What is the Orderfree Supply Chain?
In the retail industry, American Walmart was an VMI pioneer launching their Orderfree Supply Chain program in the 1980’s. This solution was one of Walmart’s competitive advantages for a long time and one of the company’s cornerstones which allowed the company to expand its business fast.
One of the reasons why Amazon could expand their business and dominate the online retail market is that the company actively used Orderfree Supply Chain solutions with most of their suppliers.
Today, this solution is a requirement to do business in many geographies and industries. For example, in many supply chains in the Netherlands, Germany, France and Switzerland it is nearly impossible to do business without an Orderfree Supply Chain solution.
How Orderfree Supply Chain Works
The idea behind Orderfree Supply Chain is simple – the supplier keeps stock in an agreed location, guarantees availability of goods and manages stock levels. Usually, the stock is held at the place of consumption, although this can vary depending on supply chain logic. For example, it may make sense to keep Orderfree Supply Chain stock before the painting line in a factory in order to enable shorter lead times if there is a large assortment of colors.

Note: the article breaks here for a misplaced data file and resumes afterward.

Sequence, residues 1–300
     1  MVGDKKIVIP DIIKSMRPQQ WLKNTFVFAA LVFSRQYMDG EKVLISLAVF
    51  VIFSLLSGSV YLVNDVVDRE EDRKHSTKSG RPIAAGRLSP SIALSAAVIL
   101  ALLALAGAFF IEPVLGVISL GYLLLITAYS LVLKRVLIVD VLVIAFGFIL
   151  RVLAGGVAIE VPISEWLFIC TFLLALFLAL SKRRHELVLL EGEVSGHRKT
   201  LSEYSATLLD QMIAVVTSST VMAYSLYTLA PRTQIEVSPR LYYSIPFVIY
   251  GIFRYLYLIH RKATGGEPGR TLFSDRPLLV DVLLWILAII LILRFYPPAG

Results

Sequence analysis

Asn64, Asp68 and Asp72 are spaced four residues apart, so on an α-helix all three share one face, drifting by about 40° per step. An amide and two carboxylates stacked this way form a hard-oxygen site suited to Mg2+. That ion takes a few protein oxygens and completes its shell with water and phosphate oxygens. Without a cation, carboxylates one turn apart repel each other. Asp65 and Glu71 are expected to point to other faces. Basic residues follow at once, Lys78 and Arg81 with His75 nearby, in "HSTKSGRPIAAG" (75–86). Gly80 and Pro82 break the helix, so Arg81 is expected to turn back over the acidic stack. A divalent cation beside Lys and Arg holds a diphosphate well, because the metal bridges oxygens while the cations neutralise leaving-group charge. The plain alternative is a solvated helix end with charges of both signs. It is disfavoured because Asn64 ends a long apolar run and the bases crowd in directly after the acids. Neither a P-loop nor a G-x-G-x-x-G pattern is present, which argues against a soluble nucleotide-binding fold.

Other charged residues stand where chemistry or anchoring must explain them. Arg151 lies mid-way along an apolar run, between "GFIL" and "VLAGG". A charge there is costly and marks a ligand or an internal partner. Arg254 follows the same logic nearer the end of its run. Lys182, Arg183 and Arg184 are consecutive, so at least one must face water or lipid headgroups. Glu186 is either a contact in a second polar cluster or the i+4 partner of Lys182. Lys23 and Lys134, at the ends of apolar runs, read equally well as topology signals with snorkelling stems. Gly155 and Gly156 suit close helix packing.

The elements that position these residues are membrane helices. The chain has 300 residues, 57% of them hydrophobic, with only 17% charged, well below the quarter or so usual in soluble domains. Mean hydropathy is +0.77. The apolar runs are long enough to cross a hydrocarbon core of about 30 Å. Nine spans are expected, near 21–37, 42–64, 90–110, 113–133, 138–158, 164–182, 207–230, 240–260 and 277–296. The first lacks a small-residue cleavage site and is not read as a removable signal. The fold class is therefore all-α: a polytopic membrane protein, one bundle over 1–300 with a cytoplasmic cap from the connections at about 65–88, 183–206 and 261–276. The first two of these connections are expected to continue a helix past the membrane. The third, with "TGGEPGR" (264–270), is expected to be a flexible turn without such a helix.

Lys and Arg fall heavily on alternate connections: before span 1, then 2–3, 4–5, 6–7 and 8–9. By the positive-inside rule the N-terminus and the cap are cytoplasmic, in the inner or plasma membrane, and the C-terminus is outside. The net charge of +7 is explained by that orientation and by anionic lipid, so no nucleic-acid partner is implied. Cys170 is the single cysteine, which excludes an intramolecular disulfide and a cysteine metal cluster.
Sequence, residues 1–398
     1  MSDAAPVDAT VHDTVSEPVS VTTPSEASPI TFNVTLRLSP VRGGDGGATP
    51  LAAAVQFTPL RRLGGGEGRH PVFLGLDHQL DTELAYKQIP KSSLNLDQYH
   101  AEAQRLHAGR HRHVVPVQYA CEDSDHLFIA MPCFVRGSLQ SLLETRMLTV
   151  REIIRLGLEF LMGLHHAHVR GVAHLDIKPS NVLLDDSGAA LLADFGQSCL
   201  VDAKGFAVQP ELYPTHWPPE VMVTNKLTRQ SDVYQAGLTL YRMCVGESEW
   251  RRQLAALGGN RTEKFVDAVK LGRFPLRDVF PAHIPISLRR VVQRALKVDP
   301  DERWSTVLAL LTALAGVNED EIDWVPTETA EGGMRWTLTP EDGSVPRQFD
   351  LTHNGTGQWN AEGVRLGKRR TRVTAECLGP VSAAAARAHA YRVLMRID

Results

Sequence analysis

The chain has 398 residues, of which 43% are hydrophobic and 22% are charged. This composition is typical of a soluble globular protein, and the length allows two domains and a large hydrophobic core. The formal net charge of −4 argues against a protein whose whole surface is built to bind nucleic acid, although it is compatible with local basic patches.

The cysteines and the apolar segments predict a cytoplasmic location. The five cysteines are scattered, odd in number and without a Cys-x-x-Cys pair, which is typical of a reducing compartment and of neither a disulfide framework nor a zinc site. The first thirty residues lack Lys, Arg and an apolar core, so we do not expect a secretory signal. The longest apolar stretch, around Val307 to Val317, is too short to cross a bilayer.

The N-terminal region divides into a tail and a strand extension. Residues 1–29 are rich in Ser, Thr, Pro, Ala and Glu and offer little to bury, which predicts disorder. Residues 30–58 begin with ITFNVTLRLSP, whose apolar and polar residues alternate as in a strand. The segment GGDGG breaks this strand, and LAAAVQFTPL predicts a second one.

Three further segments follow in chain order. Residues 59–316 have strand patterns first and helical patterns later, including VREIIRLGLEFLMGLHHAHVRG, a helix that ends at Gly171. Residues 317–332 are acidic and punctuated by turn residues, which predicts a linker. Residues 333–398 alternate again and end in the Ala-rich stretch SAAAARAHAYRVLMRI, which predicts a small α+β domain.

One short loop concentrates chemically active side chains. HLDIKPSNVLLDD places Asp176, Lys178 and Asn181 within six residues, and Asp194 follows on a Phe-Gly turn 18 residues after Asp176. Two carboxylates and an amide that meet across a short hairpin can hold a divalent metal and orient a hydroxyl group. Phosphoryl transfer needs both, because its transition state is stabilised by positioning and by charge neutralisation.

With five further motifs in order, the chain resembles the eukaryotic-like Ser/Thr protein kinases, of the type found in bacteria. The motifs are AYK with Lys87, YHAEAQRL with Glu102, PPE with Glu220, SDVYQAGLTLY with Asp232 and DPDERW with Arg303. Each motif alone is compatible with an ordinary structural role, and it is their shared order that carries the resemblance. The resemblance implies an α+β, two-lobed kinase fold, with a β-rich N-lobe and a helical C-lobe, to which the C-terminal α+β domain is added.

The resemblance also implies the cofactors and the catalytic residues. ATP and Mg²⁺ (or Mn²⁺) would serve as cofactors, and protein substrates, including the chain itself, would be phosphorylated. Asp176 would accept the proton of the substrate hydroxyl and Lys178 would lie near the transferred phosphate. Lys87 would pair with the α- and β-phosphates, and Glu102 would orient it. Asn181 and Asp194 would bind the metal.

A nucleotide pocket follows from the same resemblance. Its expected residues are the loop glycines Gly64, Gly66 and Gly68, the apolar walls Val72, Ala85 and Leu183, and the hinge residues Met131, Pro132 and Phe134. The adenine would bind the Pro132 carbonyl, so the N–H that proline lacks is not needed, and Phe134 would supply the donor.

There are three main differences in how Orderfree Supply Chain works compared to traditional purchasing processes:
There are no orders – goods are automatically replenished based to consumption data;
All responsibility to maintain adequate stock levels is transferred to the supplier;
The stock belongs to the supplier until it is consumed.
These solutions require that consumption data is transmitted to the suppliers in real time. In this way, the suppliers know what items to replenish and are able adjust stock levels if consumption levels change over time.
In an Orderfree Supply Chain solution, the transmission of consumption data can be conducted in a traditional way, i.e. a person counts what items have been consumed and sends the data to the supplier.